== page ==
But not just openly profit‐seeking schools are making big bucks. If we define profit simply as revenue derived from providing a service exceeding costs, putatively nonprofit colleges actually have much higher margins than for‐profit schools.
How do we know that? It’s tough, because nonprofit schools typically report all their profits as expenses. Basically, they take excess revenues coming from undergraduate education and distribute them throughout the college in subsidies for research, graduate education, low‐demand majors, low faculty teaching loads, excess compensation or featherbedding. In other words, rather than rewarding investors, colleges pay themselves.
Given this surplus‐into‐costs alchemy, there are just a few ways to get at schools’ real costs. One is the buildup method, in which you calculate all the inputs required to educate undergrads, from market‐rate professors’ salaries to photocopying costs. The second is to get the best internal accounting of actual college expenditures you can, which a few states furnish, and estimate costs from that.
Using both methods reveals that it costs roughly $8,000 to educate an undergraduate at an average, residential college.
Now look at your college bill, including room and board: An average of almost $37,000 at a private four‐year university, and $16,000 at a public equivalent.
So what’s the profit? The average tuition and fee charge at a private bachelor’s college, minus institutional aid, was $13,515 in 2008. Subtract $8,000 from that, and just from tuition and fees the school made about $5,500 per student, a margin of 41%. Add donated money like endowment funds, which are often intended to help undergraduate students, and the margins become even bigger.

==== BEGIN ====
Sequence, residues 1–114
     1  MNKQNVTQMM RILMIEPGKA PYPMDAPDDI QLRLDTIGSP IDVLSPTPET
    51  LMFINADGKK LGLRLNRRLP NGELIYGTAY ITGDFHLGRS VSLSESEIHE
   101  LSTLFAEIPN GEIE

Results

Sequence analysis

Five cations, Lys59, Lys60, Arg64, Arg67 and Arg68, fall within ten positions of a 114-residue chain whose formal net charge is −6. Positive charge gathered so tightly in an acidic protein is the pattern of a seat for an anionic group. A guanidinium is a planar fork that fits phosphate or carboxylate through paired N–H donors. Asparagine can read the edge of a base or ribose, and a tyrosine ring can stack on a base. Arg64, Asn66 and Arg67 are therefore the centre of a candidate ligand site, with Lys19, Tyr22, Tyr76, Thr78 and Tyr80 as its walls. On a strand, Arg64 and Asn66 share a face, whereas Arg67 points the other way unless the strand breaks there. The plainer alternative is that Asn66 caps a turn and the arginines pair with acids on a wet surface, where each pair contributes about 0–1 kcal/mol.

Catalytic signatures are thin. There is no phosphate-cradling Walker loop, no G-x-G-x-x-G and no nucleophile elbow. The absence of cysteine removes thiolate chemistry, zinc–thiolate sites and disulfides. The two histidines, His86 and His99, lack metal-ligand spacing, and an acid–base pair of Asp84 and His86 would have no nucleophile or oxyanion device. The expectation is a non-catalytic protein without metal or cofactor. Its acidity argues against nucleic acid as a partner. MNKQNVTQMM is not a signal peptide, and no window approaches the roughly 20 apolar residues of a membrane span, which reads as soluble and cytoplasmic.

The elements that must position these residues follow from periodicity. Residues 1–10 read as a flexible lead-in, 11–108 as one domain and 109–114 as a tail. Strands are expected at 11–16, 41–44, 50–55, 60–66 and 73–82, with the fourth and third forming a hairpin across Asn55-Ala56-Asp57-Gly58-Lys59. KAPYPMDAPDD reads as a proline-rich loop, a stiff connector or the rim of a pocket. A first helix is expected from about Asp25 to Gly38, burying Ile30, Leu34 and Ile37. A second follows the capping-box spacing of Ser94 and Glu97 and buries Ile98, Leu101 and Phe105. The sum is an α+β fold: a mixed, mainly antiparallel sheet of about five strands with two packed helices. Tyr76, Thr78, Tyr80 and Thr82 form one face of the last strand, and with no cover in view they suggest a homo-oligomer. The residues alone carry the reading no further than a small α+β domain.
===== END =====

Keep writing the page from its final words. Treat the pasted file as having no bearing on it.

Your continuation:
Profits are similar at public institutions — only what schools don’t get from tuition they make in state subsidies.
This is where Washington’s policies come in.
Colleges have been able to achieve these stunningly high profit margins by radically increasing the prices they charge students. Inflation‐adjusted tuition and fees have tripled in the last 30 years.
Politicians have enabled schools to charge these skyrocketing rates in the name, ironically, of helping students. Indeed, inflation‐adjusted federal aid to students has quadrupled since 1980, going from $35.4 billion to approximately $146.5 billion. Meanwhile, total student debt has leapt ahead of total credit card debt, blowing past the $800 billion mark.
In other words, the feds have been blasting helium into the college‐cost bubble, enabling profits — which, if driven by undistorted demand, could be good — to balloon at the expense of students and taxpayers.
Fortunately, since Washington has been a big part of the problem, it can be a major part of the solution. One relatively easy thing it can do is change financial aid rules that give schools sizable advantages over students when setting after‐aid prices. Basically, when students apply for aid the feds give schools students’ total financial pictures, enabling colleges to change their after‐aid prices on a student‐by‐student basis. Students have no such insider knowledge about schools.
The politically tougher, but essential, move would be to phase out the big subsidies to students that enable schools to raise prices with impunity. That means reducing everything from Pell Grants, to cheap student loans, to tuition tax deductions.
The outcry would be that this will hurt students, an objection that would probably issue loudly from the people raging against the financial machine. But it would do the opposite, forcing schools to keep their prices in line with the real cost of providing education, and saving both students and taxpayers big bucks. And that is what everyone should want.